Replacing Old Basement Framing With New Framing
Whether it is to finish and unfinished basement or to replace old or rotting walls that were installed long ago, it is quite a project taking on the repair or replacement of your basement framing. Read this article to understand the necessary steps to complete the project.
Step 1 - Rip Out the Old Walls
When replacing your basement framing, you must remove the old stud walls. If the old wood shows any mold, dry rot, other signs of aging, do not reuse it. Replace it with new materials.
When taking out the basement framing, be sure to look for support beams that are holding up the ceiling, or in this case, the floor of your home. They can be removed and replaced temporarily with metal supports. Remove any electric boxes and place them aside for future installation. Be sure to cut power to the area in which you are working to avoid electric shock.
Step 2 - Stud Framing Layout
When you build your new basement framing, take into account the clearance from floor to ceiling, as every basement has slightly different dimensions. Measuring the base of your walls to mark the mounting of your frame base for your 2x4-inch beams. You can secure them to the floor using the cement nails. They will drive through the baseline into the existing floor without much effort to secure the foundation of your framed wall.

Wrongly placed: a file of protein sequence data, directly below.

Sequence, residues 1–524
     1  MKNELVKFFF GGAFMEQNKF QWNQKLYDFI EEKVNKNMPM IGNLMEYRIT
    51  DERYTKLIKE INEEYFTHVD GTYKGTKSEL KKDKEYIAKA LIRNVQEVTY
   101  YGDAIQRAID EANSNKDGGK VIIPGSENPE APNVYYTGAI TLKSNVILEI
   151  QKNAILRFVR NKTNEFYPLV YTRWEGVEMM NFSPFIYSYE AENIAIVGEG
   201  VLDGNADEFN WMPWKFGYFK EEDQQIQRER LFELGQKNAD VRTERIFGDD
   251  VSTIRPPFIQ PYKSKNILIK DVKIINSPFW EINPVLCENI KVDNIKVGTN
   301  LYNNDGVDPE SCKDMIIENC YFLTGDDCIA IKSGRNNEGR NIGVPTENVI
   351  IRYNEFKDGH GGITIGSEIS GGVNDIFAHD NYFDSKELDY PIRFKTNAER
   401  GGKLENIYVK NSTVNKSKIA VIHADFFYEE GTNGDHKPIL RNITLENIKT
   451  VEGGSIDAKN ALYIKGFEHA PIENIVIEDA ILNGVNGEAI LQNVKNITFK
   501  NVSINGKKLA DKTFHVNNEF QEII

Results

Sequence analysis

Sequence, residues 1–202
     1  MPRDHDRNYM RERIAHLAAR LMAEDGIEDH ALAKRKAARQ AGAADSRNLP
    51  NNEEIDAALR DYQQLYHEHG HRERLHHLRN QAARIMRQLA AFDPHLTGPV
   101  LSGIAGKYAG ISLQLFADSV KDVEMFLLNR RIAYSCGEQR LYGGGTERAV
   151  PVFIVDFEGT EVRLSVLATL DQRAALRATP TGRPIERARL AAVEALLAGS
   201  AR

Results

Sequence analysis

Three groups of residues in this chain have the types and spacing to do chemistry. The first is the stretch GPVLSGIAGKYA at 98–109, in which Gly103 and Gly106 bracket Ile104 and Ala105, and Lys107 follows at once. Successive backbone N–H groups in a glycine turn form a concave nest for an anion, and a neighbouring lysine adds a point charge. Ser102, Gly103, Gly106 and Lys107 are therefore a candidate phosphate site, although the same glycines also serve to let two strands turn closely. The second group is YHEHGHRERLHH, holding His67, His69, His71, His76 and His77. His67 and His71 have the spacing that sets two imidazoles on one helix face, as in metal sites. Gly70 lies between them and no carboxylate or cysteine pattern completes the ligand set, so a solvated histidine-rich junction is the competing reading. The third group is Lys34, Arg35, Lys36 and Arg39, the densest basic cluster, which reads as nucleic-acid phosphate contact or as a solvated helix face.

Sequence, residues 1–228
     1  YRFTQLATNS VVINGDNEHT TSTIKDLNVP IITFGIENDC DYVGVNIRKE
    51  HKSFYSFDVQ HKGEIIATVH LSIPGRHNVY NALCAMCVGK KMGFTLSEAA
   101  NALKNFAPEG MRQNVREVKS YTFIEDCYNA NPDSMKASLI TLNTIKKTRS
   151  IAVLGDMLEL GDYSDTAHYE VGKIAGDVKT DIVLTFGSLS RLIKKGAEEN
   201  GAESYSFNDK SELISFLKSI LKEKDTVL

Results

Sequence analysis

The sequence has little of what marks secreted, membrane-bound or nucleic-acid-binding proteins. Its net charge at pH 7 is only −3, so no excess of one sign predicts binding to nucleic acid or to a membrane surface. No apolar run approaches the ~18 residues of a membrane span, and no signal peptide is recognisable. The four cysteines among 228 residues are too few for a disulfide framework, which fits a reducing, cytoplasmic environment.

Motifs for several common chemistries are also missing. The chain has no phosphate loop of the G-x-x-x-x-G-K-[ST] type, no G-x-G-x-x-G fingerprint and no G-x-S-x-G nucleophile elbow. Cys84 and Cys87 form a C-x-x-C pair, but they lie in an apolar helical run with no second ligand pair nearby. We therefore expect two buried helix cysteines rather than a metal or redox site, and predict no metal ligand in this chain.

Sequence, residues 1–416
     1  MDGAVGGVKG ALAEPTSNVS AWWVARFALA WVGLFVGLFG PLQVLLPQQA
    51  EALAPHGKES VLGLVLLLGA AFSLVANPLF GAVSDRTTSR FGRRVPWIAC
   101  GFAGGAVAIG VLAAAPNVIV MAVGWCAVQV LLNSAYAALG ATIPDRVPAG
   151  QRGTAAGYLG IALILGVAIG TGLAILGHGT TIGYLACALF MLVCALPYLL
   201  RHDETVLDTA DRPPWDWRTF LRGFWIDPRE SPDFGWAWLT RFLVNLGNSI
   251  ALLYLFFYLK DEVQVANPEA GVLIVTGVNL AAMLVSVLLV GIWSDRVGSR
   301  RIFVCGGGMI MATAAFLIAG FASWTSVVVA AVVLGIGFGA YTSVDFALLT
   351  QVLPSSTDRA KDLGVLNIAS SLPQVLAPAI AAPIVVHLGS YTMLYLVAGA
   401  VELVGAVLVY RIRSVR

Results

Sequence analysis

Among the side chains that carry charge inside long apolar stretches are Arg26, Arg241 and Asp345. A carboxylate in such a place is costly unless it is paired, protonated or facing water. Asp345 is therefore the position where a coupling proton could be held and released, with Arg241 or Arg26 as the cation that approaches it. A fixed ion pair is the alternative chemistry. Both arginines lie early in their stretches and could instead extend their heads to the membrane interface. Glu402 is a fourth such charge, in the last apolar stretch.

Step 3 - Starting the Framing
Mark a spot for a vertical post every 4-feet in the around the secured stud base of the wall. Your basement framing be placed on the structure with vertical supports spaced evenly around the room.
The vertical studs may need to be cut to accommodate the ceiling support beams and distance from the floor. Studs come in a standard length of 8-feet. If your basement is 6-feet tall, the beams should be 5.6-feet long to allow 2-inches above the frame support beam studs.
Step 4 - Install the Top Support Studs
Mount and secure the top support beams. Stagger them so that the ends rest half way over a vertical to ensure that the weight is supported properly and that the cross beams will not slip from the vertical supports. They can be tapped into place using a rubber mallet to avoid bruising the wood. Secure them upward at an angle with either wood screws or carpenters nails.
Step 5 - Finishing Up
Use the bore to run wires and pipes through your vertical supports to accommodate your electrical outlets and piping fixtures. Apply hangers on the pipes and lines inside the frame before insulating and sealing the walls shut with the plywood to prevent them from drooping in the cavity later.